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Intermountain Healthcare leads charge against rising drug costs

Hospital systems across U.S. join to to make generic drugs

SALT LAKE CITY — Utah's Intermountain Healthcare is at the helm of a collaboration with hospital systems across the country that will manufacture and distribute a selection of generic drugs to fight rising costs.

Project Rx, as it is called in its nascent stage, aims to help patients and hospitals facing drug shortages and increasing costs of certain medications and make them more available and more affordable, "bringing healthy competition to the market for generic drugs," said Intermountain CEO Dr. Marc Harrison.

It took a while for hospital executives to figure it out, but upon learning that a handful of "rogue" drug companies were buying up rights to generic formulas "in capricious ways," squeezing out their competitors and driving up prices, Harrison said, it became the responsibility of the hospital systems to take them on.

"This is our weapon to combat that activity," he said, adding that the locally led initiative will result in lower costs and more predictable supplies of necessary drugs used in hospitals every day.

"They should make things better for people and that's really why Intermountain exists," Harrison said.

At least four major health systems — Ascension, SSM Health, Trinity Health and the U.S. Department of Veterans Affairs' Veterans Health Administration, including its Salt Lake VA Hospital — have joined Intermountain in the announcement of this business endeavor. They're open to even more partners, hoping to entice them all, said Intermountain Vice President Dan Liljenquist, who came up with the idea.

He said the solution stems from his time spent as a senator in the Utah Legislature and facing continual challenges to cover Medicaid costs as a state.

"It's always been hovering around in my mind: 'How do we fix this,'" Liljenquist said. Some of the drugs falling into shortages, he said, have been around for decades and are necessary for daily hospital care. Surgeries are being delayed, and while it hasn't happened at Intermountain hospitals, Liljenquist said patients across the country are sometimes required to wait for needed treatment.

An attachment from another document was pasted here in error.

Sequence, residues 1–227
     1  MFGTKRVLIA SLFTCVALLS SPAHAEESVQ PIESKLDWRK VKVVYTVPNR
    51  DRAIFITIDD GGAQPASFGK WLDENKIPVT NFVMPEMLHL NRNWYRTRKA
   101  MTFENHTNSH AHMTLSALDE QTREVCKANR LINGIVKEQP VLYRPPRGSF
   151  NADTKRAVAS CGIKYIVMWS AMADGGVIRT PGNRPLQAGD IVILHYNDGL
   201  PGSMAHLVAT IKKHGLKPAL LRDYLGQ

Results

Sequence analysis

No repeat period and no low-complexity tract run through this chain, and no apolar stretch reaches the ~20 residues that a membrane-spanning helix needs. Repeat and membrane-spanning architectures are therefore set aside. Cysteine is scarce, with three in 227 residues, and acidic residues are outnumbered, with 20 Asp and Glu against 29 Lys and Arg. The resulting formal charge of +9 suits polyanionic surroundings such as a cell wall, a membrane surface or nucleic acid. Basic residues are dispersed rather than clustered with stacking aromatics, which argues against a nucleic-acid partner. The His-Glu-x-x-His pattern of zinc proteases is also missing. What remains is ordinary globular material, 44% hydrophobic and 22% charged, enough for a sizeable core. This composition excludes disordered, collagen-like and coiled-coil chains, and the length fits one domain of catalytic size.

"With a lot of these drugs, either you have them or you die," he said. "We should not be in this situation."

He said "a handful of bad actors" in pharmaceutical manufacturing businesses "are really hurting our patients."

"We see these issues every day in our hospitals as we chase down a drug so we can provide a cancer treatment to a patient who is dying and it affects us," Liljenquist said. "We just thought if we got together collectively as systems, we could do this."

And, he said, the more, the merrier, as "the more we can pull together, the more successful we will be."

The idea is that participating hospitals will contract to purchase a minimum amount of the various drugs made available — about 20 to start with, though they're not disclosed to keep a competitive edge — to ensure the success of the not-for-profit generic drug company Harrison said will be based in Salt Lake City.

There will be no shareholders and no dividends in the action, the first of its kind in the industry, and the initial startup costs will be donated by the participating partners, who expect to recoup their costs. The new company intends to operate as an FDA-approved manufacturer, not asking for special privileges and following existing regulations for drug production and distribution.

It will focus only on generic medications, for which patents have already expired.

Counting Intermountain facilities in Utah and Idaho, the already committed systems represent more than 450 hospitals throughout the country. Harrison said that following Thursday's announcement, calls from interested parties were pouring in.

"We hope it sends a signal," Liljenquist said, "enough for some to say they're being unreasonable."

Once they enter the market, he said, they intend to stay.

Project Rx, he said, welcomes any "thoughtful, excellent, for-profit system," including children's hospitals and the like, as well as impact-minded philanthropists to help accomplish the dream.

"It's really about their willingness to commit to be part of the team," he said.

An advisory committee for the venture is made up of industry experts, including Utah-native and Harvard business school professor and Intermountain board member Clayton Christensen, as well as other well-known, retired drug company officials and former government advisers on health care. It will guide the development and execution of a business plan for the collaborative that will likely begin in early 2019.

"We are truly trying to create a societally owned company with a mission to make sure these drugs are available and affordable," Liljenquist said. "We think that just maybe this could be something that could benefit society for a very long time, and we certainly intend to do our best to make that so."